By Valerie Collins (Leonard Wood)September 28, 2017
Training saves lives. Some of the training at Fort Leonard Wood simulates real-life combat situations to prepare each Soldier in the best possible way. With such intense training, instructors and medical teams must also be prepared for worst-case scenarios.
Sgt. Matthew Juarez, Combat Training Company medic, put together a training exercise on Sept. 20 at Range 4. The exercise included Range Control, Fort Leonard Wood Fire Department, EMS, Mercy Lifeline and the Directorate of Emergency Services.
"In this environment, we can become stagnant and stop using our tools as a training medic," Juarez said. "These types of training exercises help hone our skills and keep us practicing."
Staff Sgt. Steven Crayton, CTC, range cadre, was covered in fake blood and cast to be the simulated casualty for the day. The injuries simulated were consistent with those of an individual within the blast of a grenade.
Juarez said the most important aspect of this exercise was assessing communications between all participating units. Time is important in situations like this, he said, explaining that improving communications means getting the injured Soldier the help he needs in the least possible amount of time.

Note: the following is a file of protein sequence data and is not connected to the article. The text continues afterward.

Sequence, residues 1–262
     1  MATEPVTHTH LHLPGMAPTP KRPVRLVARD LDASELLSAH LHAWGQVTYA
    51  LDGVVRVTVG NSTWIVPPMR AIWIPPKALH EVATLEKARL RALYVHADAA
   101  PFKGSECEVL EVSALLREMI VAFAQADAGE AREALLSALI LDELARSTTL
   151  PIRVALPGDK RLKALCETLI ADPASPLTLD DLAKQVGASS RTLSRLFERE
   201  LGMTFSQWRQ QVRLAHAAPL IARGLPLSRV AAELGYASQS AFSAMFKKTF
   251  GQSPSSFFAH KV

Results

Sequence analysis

"During each training cycle, trainees participate in high-risk training events. Conducting evaluations of the installation's medical assets familiarizes new medical personnel on installation procedures and tests the responses of emergency medical resources that will respond in the event of a traumatic incident occurring to a trainee," Juarez said.
Capt. Nathan Riehl, CTC commander, said, "Being able to coordinate with the rest of the entities across the installation, it really gave us a good picture of exactly what our medics will be able to provide from the moment of injury to the moment the EMTs arrive."
Riehl pointed out this is the first time an exercise of this nature has been conducted on such a large scale, with so many external assets involved.
"The exercise was a success," Riehl said. "Our medics are knowledgeable and educated, but to be able to put it through the paces out here and actually demonstrate that is a different thing and they did an excellent job."
"Everyone saw the hiccups that needed addressing and that was the goal," Juarez said, adding that all entities received a passing grade.